drug induced toxicosis (ex: estrogen toxicosis)
Why is it important to monitor CBC 5-7 days following the discovery of intense left shift in granulocytic precursors in bone marrow?
It takes 5-7 days for the bone marrow to regenerate the normal population of cells in the blood after loss or utilization. After this time, the left shift should be decreasing or going towards normal
Morphologic changes associated with myelotoxicity
Dohle body presence
Diffuse cytoplasmic basophilia (best recognized in late forms of granulocytes)
Foamy vacuolation with cytoplasmic basophilia
what are dohle bodies?
retained aggregates of RNA formed into basophilic clumps in the cytoplasm of RBC
Why do the morphologic changes with myelotoxicity happen?
From Altered development of bone marrow precursor cells
From gram neg endotoxemia
what can cause injury to the bone marrow?
what happens to the bone marrow after mild injury?
the bone marrow becomes reactive due to non specific immune response. There will be an increase in plasma cells, lymphocytes, mast cells, macrophages, and eosinophils in the bone marrow
What are some consequences of moderate to marked marrow injury?
Improper release of bone marrow precursors
Improper production of bone marrow precursors
what does the bone marrow and blood look like after moderate to marked bone marrow injury?
Bone marrow= increased fibrin (myelofibrosis) and low cellularity
An increased population of immature cells in the Bone Marrow of over 20% is indicative of what?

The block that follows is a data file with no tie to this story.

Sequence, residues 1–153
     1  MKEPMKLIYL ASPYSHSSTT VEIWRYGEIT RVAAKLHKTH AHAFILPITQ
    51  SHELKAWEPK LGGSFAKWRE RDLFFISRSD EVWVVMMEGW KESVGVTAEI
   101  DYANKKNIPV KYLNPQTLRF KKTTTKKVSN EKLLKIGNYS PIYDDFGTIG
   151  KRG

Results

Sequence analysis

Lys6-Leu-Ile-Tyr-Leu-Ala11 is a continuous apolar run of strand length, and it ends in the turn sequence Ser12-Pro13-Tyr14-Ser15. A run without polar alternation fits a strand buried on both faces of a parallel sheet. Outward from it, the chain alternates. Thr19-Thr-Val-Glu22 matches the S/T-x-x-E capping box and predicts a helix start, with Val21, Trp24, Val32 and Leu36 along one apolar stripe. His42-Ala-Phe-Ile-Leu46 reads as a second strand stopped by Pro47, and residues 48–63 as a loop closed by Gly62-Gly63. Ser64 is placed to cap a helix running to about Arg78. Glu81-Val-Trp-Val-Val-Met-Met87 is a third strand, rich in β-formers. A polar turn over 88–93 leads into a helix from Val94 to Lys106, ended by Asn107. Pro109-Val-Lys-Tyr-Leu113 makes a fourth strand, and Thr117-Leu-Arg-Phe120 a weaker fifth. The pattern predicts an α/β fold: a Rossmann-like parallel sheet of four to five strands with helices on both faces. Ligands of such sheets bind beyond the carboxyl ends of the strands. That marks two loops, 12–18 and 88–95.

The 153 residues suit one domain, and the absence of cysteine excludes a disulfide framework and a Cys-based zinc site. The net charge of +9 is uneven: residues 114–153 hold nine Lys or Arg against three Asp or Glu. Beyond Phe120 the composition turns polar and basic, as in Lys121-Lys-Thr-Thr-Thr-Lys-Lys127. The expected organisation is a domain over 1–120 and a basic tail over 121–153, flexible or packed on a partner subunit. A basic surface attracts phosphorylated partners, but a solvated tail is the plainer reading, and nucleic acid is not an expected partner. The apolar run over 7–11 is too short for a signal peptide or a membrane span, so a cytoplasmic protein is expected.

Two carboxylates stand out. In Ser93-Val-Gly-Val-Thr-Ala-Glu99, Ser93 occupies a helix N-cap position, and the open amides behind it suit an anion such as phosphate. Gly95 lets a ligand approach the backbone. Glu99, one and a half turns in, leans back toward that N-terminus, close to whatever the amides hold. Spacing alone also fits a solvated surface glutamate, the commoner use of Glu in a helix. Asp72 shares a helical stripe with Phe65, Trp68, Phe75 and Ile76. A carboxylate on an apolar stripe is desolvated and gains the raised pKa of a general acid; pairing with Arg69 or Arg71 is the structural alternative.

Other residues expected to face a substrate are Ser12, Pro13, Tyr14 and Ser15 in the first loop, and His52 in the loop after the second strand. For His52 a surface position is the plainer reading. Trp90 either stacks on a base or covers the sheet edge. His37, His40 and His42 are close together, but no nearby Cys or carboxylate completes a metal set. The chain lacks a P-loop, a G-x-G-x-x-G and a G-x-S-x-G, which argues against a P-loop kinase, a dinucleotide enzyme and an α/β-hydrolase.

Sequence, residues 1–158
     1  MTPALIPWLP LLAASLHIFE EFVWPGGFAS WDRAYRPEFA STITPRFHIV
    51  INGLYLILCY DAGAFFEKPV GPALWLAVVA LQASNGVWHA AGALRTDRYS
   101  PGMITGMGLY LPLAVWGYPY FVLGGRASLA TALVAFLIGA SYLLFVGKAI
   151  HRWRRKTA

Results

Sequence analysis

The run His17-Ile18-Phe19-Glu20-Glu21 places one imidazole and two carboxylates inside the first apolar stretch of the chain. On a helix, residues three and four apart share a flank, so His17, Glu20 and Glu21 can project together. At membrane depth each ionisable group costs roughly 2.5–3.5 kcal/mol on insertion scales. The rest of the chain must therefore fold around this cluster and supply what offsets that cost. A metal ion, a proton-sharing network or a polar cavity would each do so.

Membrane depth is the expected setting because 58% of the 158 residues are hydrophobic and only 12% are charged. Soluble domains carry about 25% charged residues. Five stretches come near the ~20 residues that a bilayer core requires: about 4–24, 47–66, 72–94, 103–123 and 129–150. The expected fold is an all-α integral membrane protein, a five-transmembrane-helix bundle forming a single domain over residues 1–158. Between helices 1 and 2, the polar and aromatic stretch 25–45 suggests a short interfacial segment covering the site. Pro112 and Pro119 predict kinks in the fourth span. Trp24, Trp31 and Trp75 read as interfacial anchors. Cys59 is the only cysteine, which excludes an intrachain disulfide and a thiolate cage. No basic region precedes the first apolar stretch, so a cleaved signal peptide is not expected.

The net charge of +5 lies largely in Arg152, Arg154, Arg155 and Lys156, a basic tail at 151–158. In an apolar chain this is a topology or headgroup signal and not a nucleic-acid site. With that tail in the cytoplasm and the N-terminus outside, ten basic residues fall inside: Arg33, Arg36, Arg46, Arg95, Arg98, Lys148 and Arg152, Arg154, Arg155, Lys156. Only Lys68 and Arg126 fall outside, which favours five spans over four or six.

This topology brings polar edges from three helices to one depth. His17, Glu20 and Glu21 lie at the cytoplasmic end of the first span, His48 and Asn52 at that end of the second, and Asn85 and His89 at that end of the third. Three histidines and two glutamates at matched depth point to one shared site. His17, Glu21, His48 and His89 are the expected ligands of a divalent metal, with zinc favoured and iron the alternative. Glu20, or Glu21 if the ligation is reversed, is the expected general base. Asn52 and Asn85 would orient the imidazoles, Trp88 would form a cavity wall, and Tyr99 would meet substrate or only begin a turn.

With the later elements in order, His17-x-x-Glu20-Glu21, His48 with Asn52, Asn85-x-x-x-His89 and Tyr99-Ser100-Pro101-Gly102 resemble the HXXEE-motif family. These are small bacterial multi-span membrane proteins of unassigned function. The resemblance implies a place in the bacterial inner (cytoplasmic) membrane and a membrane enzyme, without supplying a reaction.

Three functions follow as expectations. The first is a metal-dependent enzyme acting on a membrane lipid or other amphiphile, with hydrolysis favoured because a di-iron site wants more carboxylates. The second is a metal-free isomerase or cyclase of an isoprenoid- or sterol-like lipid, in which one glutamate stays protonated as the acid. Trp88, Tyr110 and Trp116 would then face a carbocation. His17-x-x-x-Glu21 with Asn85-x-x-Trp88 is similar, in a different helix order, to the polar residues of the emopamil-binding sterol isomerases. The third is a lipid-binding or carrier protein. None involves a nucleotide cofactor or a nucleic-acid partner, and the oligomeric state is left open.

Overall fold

Atypical morphology of cells in the bone marrow population is indicative of what?
What can cause a dysplastic process in the bone marrow?
2. infectious agents
4. nutritional problems
5. myelodysplastic syndrome
what is the most common abnormality in maturation that causes myelodysplasia, and what does it result in?
asynchronous maturation of nucleus and cytoplasm. results in:
1. megaloblastic erythroid precursors
2. abnormally segmented neutrophils
3. dwarf megakaryocytes
What can cause primary myelodysplasia?
rapid production due to neoplasia
What can case secondary myelodysplasia?
rapid production due to overwhelming infection
What does the blood and bone marrow look like with myelodysplasia?
blood: cytopenia of one or more cell lines
bone marrow: hypercellular with low numbers of blast forms
when does irreversible necrosis of the bone marrow occur?
when damage is severe enough to effect the microcirculation leading to ischemia or destroying the hematopoeitic cell lines